Accepting that Notre Dame is unlikely to turn the ball over 26 times as it did in 2014, below are a list of nine other telltale statistical categories in which the Irish will improve this fall.
(The number in parenthesis represents Notre Dame’s total in 2014)
1.) Defensive Red Zone TD Percentage (70%): Wait, what? How is that possible? They’ll be better because they can’t be worse? What this statistic means is that Notre Dame opponents made 50 trips into the Irish red zone last fall and scored touchdowns on 35 of them. Way to bow up, guys…
-- Kelly Era Best: You guessed it, 2012 marked the defense’s best effort when Bob Diaco’s red zone crew allowed touchdowns on just 13 of the 38 opponents’ forays inside the 20-yard line.
2.) Games in which the Irish D allows 3 or more TD (8): The last eight foes of 2014 posted at least three offensive touchdowns. Look for that streak to end in the season opener and for only five or fewer Irish opponents to turn the trick in 2015.
-- Kelly Era Best: One team, in 2012. It was the wrong one, incidentally, but one nonetheless.
3.) Yards Per Play Against ND (5.6): It was the worst number of the last five seasons with three other years showing exactly 5.1 yards per play against, and of course. Of note, Charlie Weis’ last Irish team yielded 6.2 yards per play, far and away the worst mark of the school’s modern era.
-- Kelly Era Best: 4.8 yards per play allowed, 2012.
4.) 3rd Down Defense (Ranked 79th nationally): The Irish allowed a 41.1 percent conversion clip last fall, that following a Kelly-era worst 41.9 percent effort in 2013. Both numbers are in stark contrast to the first three seasons of the Kelly era as noted below.
-- Kelly Era Best: 34.2% in 2011, 20th-best nationally. Kelly’s first-edition Irish, the 2010 squad, finished 28th at 36.4% while the dominant 2012 defense ranked 35th (36.5% clip).
5.) Fourth Quarter Points Allowed (90): It was the second-worst mark of the Kelly-era – the 2011 defense folded in the fourth to the tune of 119 points allowed, though that number includes six garbage-time scores (a total of 42 irrelevant points). It’s worth pointing out that 21 of the 90 fourth quarter points yielded by the Irish defense last season qualified as irrelevant, so the 2011 D was slightly worse in this regard (79 fourth quarter points that mattered vs. 69 last season).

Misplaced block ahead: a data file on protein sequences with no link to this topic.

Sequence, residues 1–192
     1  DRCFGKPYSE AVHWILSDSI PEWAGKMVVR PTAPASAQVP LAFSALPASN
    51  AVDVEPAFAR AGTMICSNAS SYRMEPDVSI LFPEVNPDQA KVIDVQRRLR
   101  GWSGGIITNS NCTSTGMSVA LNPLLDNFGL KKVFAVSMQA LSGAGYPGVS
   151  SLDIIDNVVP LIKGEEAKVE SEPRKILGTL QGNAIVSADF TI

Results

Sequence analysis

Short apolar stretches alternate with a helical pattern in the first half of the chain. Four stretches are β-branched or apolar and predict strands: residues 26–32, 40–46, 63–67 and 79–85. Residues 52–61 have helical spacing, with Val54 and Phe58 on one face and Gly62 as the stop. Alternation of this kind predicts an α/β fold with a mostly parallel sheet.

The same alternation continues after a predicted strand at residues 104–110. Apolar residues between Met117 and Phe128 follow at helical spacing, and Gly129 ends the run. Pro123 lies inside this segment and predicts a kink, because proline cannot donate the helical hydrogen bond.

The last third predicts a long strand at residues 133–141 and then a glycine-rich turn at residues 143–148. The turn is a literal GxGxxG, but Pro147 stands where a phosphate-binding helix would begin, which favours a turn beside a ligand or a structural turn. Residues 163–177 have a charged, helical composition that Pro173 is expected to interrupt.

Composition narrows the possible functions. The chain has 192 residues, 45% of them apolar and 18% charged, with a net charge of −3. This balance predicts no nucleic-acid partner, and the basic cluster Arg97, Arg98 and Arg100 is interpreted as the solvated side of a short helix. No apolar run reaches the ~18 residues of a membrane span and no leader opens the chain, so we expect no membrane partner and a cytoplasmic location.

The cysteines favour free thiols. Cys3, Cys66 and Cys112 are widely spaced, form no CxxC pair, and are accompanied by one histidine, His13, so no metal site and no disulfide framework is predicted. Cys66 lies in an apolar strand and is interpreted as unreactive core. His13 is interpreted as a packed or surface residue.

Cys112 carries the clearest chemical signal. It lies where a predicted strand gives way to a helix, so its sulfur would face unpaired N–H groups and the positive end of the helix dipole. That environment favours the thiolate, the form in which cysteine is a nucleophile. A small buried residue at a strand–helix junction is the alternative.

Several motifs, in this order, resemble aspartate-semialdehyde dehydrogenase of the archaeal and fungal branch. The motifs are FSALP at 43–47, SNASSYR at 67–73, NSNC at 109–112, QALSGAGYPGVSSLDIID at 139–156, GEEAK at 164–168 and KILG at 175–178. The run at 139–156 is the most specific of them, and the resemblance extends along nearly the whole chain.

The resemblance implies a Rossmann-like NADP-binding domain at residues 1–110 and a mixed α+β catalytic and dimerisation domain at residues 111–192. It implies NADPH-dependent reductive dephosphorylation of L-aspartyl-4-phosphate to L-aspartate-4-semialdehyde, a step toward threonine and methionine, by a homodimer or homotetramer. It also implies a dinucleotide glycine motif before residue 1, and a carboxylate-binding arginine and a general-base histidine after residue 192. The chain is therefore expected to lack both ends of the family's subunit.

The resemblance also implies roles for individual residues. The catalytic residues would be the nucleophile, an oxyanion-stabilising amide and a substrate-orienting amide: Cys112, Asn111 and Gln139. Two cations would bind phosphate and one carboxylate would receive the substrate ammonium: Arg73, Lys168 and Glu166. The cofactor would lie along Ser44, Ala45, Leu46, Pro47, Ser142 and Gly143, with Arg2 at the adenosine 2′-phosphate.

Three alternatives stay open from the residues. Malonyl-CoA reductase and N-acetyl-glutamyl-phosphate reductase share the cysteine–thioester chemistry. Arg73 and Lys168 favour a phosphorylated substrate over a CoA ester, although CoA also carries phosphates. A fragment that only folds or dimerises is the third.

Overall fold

-- Kelly Era Best: 39 fourth quarter points allowed in 2012, 20 of which occurred in competitive game action.
6.) Games in Excess of 200 Rushing Yards (5): Before you shout, “Obviously Better!” this prediction is actually going out on a statistical limb, as five of Notre Dame’s 12 foes this fall ranked among the nation’s 26 best rush defenses in 2014: Boston College, Clemson and Stanford were top 10; Virginia ranked #18 and USC #26, while Temple yielded only 3.7 yards per rush and ranked fourth in scoring defense.
-- Kelly Era Best: Look for the 2015 Irish to tie the Kelly-era best effort of seven games in excess of 200 rushing yards set in 2012. Of note, the 2010-11 and 2013 Irish seasons combined for just six such outings.
7.) Sacks Allowed (28): That’s 28 sacks surrendered one season after the 2013 Irish front yielded just eight. EIGHT!
They’ll be better for myriad reasons including a run-heavy attack and the extreme likelihood that Malik Zaire will be given a primary and two check down receivers this fall, a stark contrast to Golson’s full-field progressions in 2014.
-- Kelly Era Best: Eight by the 2013 squad, obviously.
8.) Offensive Red Zone Touchdown Percentage (64.5%): We’re going out on a bit of a limb, because this is a solid percentage. For instance, it ranks a percentage point higher than Wisconsin’s effort and is likewise better than 2014 playoff contenders Arizona State and Florida State. And it’s similar to Oregon (65%). But when Notre Dame didn’t score a touchdown inside the red zone last fall, it often came away empty – a remarkable eight turnovers included.
Look for the 2015 squad to be marginally better in terms of touchdowns and far better in terms of points produced in the red zone overall.
-- Kelly Era Best: A 66.6 percent effort in 2011. (The 2011 season includes many statistical outliers because the Irish faced a preponderance of outstanding or terrible teams. There wasn’t much middle ground to be found among the foes.)
9.) Yards per rush, ND (4.3): If they’re not better in this regard, the final W-L record won’t be, either.
-- Kelly Era Best: 4.8 in 2012 with an end-season tumble courtesy the Crimson Tide. As Tim Prister pointed out in his Fighting Irish Facts, Notre Dame’s inconsistency as a program since the conclusion of the Lou Holtz era in 1996 is linked to this telltale statistic.
On tap: “For Worse” – Important statistical categories in which the Irish will fall short of their 2014 totals.